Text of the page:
# GP and Bayesian linear regression in PyMC

I have the problem of how to combine a bayesian linear regression and gaussian process. As an example, I have two features, a 2D spatial GP trying to fit a model as:

y \sim \alpha+\beta_0 x_0 + \beta_1 x_1 + GP_{spatial}

Created the following code in PyMC but still not sure about the implementation:

X = data[['x1', 'x2']].T.values
X_gp = data[['gp0', 'gp1']].values
y = data.y.values

with pm3.Model() as model_mlr:
## Bayesian linear regression
Ξ±_blr = pm3.Normal('Ξ±_blr', mu=0, sd=10)
Ξ²_blr = pm3.Normal('Ξ²_blr', mu=0, sd=1, shape=num_features)
Ο = pm3.HalfCauchy('Ο', 5)
ΞΌ_blr = Ξ±_blr + pm3.math.dot(Ξ²_blr, X)

## The spatial GP
Ξ·_spatial_trend = pm3.Uniform('Ξ·_spatial_trend', lower=0, upper=100)
β_spatial_trend = pm3.Uniform('β_spatial_trend', lower=0, upper=100, shape=gp_input_dim)
cov_spatial_trend = (
Ξ·_spatial_trend**2 * pm3.gp.cov.ExpQuad(input_dim=gp_input_dim, ls=β_spatial_trend)
)
gp_spatial_trend = pm3.gp.Latent(cov_func=cov_spatial_trend)
gp_spatial_func = gp_spatial_trend.prior('gp_spatial_func', X=X_gp)

# noise model
cov_noise = pm3.gp.cov.WhiteNoise(Ο)

y_hat = pm3.Normal(
'y_hat',
mu=ΞΌ_blr + gp_spatial_func,
sd=Ο,
observed=y)

start = None
step = pm3.Metropolis()
trace_mlr = pm3.sample(30000, start=start, step=step, burn=10000)
chain = trace_mlr[-1000:]


• Should I use gp.Latent or gp.Marginal?

• How prediction works in this case?
when I use gp.Latent, I get complain about not converging.

Here is a sample data

sample_data.csv (37.8 KB)

Yes you should be able to use Marginal here, since your observed variable has a normal distribution. Put your BLR code into the Linear mean function. Your model is equivalent to

y \sim \mathcal{GP}(\alpha + \beta_0 x_0 + \beta_1 x_1\,, K(x_{sp}\,, x_{sp}')) + \epsilon

where \alpha + \beta_0 x_0 + \beta_1 x_1 is the mean function. Is your data on an equispaced two dimensional grid? If so, check out the MarginalKron implementation.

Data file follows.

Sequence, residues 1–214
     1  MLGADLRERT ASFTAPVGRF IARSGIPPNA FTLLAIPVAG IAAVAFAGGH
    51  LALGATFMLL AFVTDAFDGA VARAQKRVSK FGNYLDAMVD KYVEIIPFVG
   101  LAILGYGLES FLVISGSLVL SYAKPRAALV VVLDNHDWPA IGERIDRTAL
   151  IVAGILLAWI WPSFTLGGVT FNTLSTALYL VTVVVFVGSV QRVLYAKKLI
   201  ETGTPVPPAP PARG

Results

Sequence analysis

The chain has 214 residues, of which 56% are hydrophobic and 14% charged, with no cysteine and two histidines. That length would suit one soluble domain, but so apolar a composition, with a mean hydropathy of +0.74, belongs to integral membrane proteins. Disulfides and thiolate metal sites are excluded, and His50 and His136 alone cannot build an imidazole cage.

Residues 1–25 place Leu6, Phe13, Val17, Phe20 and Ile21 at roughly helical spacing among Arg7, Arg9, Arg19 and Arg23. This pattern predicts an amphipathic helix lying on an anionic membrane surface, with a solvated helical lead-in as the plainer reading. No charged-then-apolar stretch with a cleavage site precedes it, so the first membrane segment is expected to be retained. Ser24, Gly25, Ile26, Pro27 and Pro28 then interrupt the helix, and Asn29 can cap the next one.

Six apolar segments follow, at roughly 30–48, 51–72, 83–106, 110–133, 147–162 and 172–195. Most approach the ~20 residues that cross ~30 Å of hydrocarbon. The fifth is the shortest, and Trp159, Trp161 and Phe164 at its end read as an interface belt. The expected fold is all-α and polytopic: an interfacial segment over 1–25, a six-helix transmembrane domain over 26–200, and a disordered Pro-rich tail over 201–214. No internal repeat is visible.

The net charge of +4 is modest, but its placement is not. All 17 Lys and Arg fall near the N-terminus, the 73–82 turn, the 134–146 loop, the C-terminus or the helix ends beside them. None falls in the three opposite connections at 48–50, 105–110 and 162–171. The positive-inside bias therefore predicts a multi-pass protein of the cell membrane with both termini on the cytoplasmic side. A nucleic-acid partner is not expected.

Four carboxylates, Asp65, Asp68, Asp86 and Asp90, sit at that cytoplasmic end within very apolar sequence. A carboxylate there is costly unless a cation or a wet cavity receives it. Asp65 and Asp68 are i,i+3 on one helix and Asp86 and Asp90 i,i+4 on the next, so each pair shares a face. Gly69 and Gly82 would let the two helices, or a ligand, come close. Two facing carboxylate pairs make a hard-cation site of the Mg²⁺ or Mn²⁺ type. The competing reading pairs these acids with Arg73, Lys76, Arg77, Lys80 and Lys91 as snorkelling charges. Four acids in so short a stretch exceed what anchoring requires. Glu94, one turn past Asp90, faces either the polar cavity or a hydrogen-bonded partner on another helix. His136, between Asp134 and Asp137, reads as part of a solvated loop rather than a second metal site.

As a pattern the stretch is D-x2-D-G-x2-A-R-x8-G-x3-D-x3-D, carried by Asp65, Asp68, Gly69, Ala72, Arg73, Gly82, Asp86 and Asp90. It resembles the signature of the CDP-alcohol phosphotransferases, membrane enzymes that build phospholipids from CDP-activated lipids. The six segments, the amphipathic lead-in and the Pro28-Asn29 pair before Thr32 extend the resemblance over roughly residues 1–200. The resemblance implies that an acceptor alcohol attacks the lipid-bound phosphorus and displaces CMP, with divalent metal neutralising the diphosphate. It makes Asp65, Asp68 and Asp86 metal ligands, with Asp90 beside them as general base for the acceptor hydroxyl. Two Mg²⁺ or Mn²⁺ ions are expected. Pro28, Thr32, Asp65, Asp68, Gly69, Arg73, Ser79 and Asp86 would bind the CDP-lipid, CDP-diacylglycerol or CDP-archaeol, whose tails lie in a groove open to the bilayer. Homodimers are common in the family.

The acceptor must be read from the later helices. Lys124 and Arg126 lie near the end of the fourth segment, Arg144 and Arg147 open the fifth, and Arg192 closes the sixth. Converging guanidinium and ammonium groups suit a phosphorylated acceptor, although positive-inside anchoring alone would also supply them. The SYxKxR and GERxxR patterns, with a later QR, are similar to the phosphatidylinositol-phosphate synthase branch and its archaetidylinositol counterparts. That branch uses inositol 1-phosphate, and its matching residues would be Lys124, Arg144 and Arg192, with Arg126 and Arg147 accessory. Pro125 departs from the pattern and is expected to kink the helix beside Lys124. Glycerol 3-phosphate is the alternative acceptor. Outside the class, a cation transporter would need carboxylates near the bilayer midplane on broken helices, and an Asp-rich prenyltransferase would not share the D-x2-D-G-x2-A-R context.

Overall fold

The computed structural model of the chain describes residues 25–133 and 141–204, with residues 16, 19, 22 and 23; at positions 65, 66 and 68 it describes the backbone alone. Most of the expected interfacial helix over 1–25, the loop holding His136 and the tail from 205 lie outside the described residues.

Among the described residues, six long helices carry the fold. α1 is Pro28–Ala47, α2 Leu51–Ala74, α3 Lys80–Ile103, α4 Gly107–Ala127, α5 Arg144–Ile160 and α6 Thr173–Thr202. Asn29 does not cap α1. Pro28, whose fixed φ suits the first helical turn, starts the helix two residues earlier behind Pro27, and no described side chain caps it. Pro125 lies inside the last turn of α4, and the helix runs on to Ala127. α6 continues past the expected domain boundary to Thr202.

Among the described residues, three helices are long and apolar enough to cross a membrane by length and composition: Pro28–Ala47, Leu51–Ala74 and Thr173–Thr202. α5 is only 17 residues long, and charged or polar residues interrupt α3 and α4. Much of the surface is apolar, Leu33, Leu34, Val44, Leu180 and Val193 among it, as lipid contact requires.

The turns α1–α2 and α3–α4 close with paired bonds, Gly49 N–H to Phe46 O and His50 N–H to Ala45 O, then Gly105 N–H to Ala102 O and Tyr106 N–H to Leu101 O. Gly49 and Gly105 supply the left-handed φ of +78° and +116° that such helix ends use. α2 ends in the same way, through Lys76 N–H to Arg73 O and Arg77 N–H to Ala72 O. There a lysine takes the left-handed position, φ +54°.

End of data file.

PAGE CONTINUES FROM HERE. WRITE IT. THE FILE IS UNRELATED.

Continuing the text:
Thanks. I tried:

gp\_spatial\_trend = pm3.gp.Marginal(mean\_func=pm3.gp.mean.Linear(ΞΌ\_blr), cov\_func=cov\_spatial\_trend)

and then

y\_hat = gp\_spatial\_trend.marginal\_likelihood("y\_hat", X=X\_gp, y=y, noise=cov\_noise)

but getting ValueError: shapes (400,2) and (400,) not aligned: 2 (dim 1) != 400 (dim 0).
BTW, if we change from Normal distribution to Poisson, how to rewrite the original code?

If you use a Poisson distribution, you will need to use Latent. The naming of marginal_likelihood refers to the fact that your observed y variable is distributed as

p(y \mid X) = \int p(y \mid f, X) p(f \mid X) df

where f is the GP being marginalized out. This integral is possible if p(y \mid f, X) is normal, since it is conjugate with p(f \mid X), which is the distribution over the Gaussian process prior. This is why Latent uses the naming βpriorβ.

Check the documentation of Linear, itβs inputs are the coefficients, and the intercept. So your call
should look more like pm.gp.mean.Linear(coeffs=beta). The X you use will need to have four columns, [x_0, x_1, x_{gp1}, x_{gp2}]. The following is pseudocode:

X = [x_0, x_1, x_{gp1}, x_{gp2}]
beta = [beta_0, beta_1, 0, 0]  # the last two columns are full of zeros
mean_func = pm.gp.mean.Linear(coeffs=beta)
# note active_dims.  the cov function only uses the last two columns of X.
# input_dim=4 because X has four columns
cov_func = pm.gp.cov.ExpQuad(input_dim=4, ls=ls, active_dims=[2,3])

# for normally distributed y
gp = pm.gp.Marginal(mean_func=mean_func, cov_func=cov_func)
y_ = gp.marginal_likelihood("y", X=X, y=y, noise=sigma)

# for poisson distributed y
gp = pm.gp.Latent(mean_func=mean_func, cov_func=cov_func)
f = gp.prior("f", X=X)
y_ = pm.Poisson("y", mu=tt.exp(f), observed=y)


Also, I noticed you were using the Metropolis sampler. Using NUTS is highly recommended for something like this, which is what the default call of sample uses.

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Thanks

It was a life saving. Thanks again.
When I use Latent + Posision with NUTS (5000 samples) I receive this warning:

logp = -1,074.5, ||grad|| = 1.295: 100%|ββββββββββ| 194/194 [00:07&lt;00:00, 24.94it/s] Multiprocess
sampling (2 chains in 2 jobs) NUTS: [f_rotated_, β_spatial_trend, Ξ·_spatial_trend, Ο, Ξ²_blr1, Ξ²_blr0, Ξ±_blr]
Sampling 2 chains: 100%|ββββββββββ| 5000/5000 [1:39:06&lt;00:00, 1.19draws/s] The gelman-rubin
statistic is larger than 1.4 for some parameters. The sampler did not converge. The estimated number of effective
samples is smaller than 200 for some parameters.


I guess since the number of samples is high the kernel function is too big and hence sampling is hard and too time consuming (or it may need more samples). Am I right?

What was your call to sample here?

Missed this part:

start = pm3.find_MAP()
step = pm3.NUTS(scaling=start)
trace_mlr = pm3.sample(2000, start=start, step=step, njobs=2)
chain_latent = trace_mlr[-1000:]


You should not use find_MAP to get initial starting point and scaling for NUTS, that usually is a very bad idea.
You should always start with the default:

with model:
trace = pm.sample(2000, tune=1000, cores=2)


Also, burn-in and thinning is usually not needed using NUTS - if the trace looks like it needs burn-in, you should increase the tuning, if the trace looks like it needs thinning, you should further reparameterized.

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